Pay for Performance. RiskMetrics will generally recommend that investors vote against plans and/or withhold votes from compensation committee members if—

  • there is a pay for performance disconnect between the CEO’s pay and the company’s stock performance,
  • over half of the pay increase is equity based, and
  • the CEO is a participant of the equity proposal.

In its 2009 policy updates, RiskMetrics revised its definition of a “pay for performance disconnect.” Its prior policy provided that there was a disconnect if the CEO’s total compensation was increased while the company’s one-year and three-year shareholder returns were both negative. Under the updated policy and in recognition of the broad impact of the financial crisis on the overall stock market, RiskMetrics will consider there to be a pay for performance disconnect if the CEO’s total compensation is increased while the company’s one-year and three-year shareholder returns are in the bottom half of its industry group.

Compensation Peer Groups. The 2009 policy updates revise the way in which RiskMetrics will create compensation peer groups. Company size will now be a key determinant when constructing peer groups, with RiskMetrics using size parameters ranging from 0.5 to two times the company’s size. Size will be measured using revenue, assets for financial services companies or market capitalization, as appropriate. Under the updated policy, CEO pay peer groups may have a minimum of eight companies, rather than 12. Furthermore, for extremely large companies, RiskMetrics may now use wider industry sectors or a market index to construct appropriate peer groups. In its reports, RiskMetrics will display the comparison of CEO pay under both its peer group methodology and the peer group selected by the company. The updated peer group methodology will be released in 2009, and the report comparing the RiskMetrics peer group to the company’s peer group will be released at a later date.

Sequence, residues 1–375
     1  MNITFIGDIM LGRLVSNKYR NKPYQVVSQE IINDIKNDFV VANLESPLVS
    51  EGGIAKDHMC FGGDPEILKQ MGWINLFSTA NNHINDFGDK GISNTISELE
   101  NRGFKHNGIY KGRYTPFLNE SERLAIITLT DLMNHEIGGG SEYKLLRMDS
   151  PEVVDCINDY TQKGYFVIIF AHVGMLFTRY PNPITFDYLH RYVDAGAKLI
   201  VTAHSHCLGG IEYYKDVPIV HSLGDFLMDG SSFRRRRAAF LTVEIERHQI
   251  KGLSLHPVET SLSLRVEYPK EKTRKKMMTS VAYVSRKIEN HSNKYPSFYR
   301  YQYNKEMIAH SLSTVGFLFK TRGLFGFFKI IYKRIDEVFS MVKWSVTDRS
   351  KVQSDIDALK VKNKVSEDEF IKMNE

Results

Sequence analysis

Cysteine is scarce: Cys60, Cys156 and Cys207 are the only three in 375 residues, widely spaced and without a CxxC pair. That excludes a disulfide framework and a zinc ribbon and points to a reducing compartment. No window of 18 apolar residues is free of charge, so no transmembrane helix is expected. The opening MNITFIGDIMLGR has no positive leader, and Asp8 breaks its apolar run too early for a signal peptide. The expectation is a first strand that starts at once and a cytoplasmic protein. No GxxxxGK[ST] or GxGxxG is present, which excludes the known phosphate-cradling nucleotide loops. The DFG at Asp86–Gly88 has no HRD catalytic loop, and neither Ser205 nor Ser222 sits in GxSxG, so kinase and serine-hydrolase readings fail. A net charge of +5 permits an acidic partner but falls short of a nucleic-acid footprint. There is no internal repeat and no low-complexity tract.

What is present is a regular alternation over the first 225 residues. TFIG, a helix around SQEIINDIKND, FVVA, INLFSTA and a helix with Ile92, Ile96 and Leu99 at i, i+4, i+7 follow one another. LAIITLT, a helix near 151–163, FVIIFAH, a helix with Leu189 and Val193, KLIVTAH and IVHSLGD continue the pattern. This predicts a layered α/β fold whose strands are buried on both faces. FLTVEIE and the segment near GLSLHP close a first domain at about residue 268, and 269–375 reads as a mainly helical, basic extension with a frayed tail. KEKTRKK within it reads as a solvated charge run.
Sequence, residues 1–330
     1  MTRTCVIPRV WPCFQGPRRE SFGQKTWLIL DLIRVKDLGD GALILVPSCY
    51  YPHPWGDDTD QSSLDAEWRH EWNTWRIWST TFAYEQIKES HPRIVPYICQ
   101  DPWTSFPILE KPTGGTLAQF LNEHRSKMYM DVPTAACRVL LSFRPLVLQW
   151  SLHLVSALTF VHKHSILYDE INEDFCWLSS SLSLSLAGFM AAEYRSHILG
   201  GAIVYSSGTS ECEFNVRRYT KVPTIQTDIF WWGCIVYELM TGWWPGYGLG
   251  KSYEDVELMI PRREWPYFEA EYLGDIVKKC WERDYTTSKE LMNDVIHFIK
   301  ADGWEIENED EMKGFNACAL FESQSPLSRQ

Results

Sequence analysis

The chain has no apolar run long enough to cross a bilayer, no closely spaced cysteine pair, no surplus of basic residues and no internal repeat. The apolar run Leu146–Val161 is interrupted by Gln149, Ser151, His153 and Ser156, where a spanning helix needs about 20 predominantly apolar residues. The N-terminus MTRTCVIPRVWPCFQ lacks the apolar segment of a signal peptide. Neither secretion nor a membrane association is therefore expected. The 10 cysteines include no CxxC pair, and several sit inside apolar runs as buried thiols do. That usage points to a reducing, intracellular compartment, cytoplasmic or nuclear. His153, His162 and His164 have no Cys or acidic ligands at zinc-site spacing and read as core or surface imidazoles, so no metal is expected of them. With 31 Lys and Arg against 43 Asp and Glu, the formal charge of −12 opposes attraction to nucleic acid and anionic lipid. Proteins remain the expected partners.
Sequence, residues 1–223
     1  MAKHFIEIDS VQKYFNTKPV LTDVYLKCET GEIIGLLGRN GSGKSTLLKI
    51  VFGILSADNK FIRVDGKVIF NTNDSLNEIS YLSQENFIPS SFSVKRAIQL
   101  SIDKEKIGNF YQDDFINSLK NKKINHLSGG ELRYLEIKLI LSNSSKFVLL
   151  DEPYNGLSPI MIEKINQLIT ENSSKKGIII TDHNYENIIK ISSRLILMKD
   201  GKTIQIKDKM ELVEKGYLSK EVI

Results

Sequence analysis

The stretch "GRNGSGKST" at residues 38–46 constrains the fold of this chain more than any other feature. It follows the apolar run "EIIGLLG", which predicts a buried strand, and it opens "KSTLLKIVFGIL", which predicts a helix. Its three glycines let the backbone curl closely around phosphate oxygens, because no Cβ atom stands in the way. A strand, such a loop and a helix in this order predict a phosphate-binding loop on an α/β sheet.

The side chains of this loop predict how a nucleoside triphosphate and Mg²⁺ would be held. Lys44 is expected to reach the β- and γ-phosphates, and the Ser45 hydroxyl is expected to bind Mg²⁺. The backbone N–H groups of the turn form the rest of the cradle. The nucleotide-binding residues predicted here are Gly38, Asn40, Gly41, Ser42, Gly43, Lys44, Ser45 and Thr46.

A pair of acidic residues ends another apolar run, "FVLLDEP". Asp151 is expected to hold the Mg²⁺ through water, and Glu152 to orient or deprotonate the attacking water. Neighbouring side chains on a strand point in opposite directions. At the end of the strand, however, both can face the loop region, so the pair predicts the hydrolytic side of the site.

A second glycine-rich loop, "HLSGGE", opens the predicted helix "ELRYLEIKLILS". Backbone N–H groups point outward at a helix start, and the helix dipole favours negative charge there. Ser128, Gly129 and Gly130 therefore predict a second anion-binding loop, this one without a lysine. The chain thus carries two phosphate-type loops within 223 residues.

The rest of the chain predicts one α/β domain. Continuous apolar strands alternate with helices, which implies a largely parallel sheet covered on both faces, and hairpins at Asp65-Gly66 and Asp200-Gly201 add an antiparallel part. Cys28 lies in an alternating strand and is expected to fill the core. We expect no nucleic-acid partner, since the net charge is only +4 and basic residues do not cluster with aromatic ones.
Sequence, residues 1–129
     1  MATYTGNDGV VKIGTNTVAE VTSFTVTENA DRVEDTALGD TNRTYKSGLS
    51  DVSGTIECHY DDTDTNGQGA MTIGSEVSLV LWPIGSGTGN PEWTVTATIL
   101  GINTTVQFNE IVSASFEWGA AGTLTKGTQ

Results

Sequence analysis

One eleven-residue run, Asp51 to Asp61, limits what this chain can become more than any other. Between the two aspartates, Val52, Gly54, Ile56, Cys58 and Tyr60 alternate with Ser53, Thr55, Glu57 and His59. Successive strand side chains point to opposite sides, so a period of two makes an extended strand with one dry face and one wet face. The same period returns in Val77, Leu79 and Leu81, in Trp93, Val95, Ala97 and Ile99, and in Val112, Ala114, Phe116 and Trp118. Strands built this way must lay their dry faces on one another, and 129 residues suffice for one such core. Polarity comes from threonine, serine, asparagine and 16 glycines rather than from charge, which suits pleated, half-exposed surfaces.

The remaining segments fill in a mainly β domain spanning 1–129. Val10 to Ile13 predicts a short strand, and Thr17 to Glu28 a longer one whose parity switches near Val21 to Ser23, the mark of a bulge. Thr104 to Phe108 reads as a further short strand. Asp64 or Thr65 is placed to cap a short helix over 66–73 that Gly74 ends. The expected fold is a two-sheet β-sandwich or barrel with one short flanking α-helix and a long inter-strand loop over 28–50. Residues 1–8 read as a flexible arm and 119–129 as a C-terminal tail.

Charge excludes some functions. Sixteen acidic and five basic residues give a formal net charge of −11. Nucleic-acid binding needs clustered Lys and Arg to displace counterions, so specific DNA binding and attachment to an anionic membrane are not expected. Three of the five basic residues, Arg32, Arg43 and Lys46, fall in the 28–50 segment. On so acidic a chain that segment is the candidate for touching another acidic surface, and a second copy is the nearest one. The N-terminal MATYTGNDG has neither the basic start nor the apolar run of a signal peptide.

Other Compensation Policy Updates. RiskMetrics has made the following other updates to its policy regarding executive compensation—

  • Due to extreme market volatility, RiskMetrics will now use 400-day stock volatility (rather than 200-day stock volatility) with respect to calculations under its Shareholder Value Transfer and burn rate policies. In addition, RiskMetrics has updated its burn rate percentages.
  • RiskMetrics may now support shareholder proposals for “clawbacks” of incentive pay if existing company policies do not meet the guidelines prescribed by the U.S. Treasury under the Emergency Economic Stabilization Act of 2008.
  • RiskMetrics will add to its list of factors whether a company has a liberal definition of “change in control” when making its case-by-case evaluation of company equity-based compensation plans.
  • RiskMetrics will now recommend voting against Section 162(m)-related plans if the compensation committee does not consist entirely of independent outsiders (based on the RiskMetrics definition of “independence”).

Executive compensation is a particularly controversial issue in the current economic climate and will likely be a hot button for shareholder activism during the upcoming proxy season. In light of these developments, companies may wish to consider the new RiskMetrics policy updates when crafting executive compensation packages.


If you have questions regarding the contents of this alert, please contact—

N. Kathleen Friday kfriday@akingump.com 214.969.2827   Dallas